This paper is the first draft of a technical appendix to a chapter of a book I am writing, with the provisional title The Community of Advantage. The central argument of the book will be that many elements of the (classically) liberal tradition of normative economics do not depend on assumptions about individual rationality, and so it is possible for a behavioural economist to work in that tradition. I will propose an approach to normative economics that differs both from neoclassical welfare economics and from the various variants of soft paternalism that are currently being proposed by behavioural economists. My approach has two distinctive features. First, it is written from a contractarian perspective. That is, it is addressed to citizens as potential parties to mutually beneficial agreements, and not to an imagined benevolent despot or social planner. (A first draft of this part of the argument has been published as Sugden .) Second, its normative criterion is opportunity, not welfare, happiness or well-being. Sections 1 to 4 of this paper follow the analysis in McQuillin and Sugden (2012), specialised to the one-period case and with minor changes in notation. The set-up, and the definition of the ‘opportunity criterion’ are slightly different from those used in Sugden (2004). The differences are explained in McQuillin and Sugden (2012). The argument in Section 5 is new.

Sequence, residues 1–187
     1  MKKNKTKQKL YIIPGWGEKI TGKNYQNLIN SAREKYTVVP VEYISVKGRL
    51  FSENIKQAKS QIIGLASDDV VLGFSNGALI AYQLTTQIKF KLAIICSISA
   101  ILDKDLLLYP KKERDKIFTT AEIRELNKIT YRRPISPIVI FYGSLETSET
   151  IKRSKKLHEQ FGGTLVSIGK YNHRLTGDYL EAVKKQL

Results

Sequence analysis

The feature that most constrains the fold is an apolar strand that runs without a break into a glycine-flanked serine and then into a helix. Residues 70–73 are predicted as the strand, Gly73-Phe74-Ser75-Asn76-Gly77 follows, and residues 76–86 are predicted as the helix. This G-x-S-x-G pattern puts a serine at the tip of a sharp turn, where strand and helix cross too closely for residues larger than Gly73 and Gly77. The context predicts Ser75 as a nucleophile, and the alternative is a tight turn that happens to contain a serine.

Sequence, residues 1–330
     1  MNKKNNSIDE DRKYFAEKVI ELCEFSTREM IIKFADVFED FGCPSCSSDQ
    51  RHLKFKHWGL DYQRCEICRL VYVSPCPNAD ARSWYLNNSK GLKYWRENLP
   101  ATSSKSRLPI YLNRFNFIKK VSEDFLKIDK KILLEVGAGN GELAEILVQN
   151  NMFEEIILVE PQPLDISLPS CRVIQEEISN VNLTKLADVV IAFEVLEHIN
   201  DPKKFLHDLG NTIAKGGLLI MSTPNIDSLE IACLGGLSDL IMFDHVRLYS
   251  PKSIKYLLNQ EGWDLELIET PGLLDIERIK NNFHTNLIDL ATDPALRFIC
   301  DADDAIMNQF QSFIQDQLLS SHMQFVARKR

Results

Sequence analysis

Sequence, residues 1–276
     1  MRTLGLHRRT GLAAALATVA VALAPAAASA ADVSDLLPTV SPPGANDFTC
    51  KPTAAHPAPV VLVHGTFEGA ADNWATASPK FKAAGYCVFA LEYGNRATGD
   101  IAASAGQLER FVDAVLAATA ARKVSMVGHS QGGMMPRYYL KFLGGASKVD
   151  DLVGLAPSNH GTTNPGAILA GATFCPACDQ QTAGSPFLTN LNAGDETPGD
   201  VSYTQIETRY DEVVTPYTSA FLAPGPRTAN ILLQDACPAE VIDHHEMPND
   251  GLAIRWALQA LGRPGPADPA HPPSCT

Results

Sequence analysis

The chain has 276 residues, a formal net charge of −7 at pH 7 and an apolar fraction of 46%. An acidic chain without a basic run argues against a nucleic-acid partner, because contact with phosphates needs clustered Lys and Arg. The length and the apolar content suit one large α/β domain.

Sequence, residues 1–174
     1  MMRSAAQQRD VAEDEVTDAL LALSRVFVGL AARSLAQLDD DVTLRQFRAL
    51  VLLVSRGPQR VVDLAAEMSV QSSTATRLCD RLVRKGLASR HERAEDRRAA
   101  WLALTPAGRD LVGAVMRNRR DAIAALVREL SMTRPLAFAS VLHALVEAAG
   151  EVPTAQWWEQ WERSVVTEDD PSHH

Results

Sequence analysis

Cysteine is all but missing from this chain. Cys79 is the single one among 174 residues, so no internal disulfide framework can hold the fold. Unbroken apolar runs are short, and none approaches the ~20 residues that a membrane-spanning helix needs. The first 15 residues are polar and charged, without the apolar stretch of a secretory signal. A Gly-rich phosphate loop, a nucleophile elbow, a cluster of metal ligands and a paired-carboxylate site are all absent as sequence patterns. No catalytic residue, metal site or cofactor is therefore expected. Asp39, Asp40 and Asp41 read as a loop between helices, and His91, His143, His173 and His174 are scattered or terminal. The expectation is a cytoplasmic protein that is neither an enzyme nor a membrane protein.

Sugden, R. (2014). Characterising competitive equilibrium in terms of opportunity. ESI Working Paper 14-02. Retrieved from http://digitalcommons.chapman.edu/esi_working_papers/24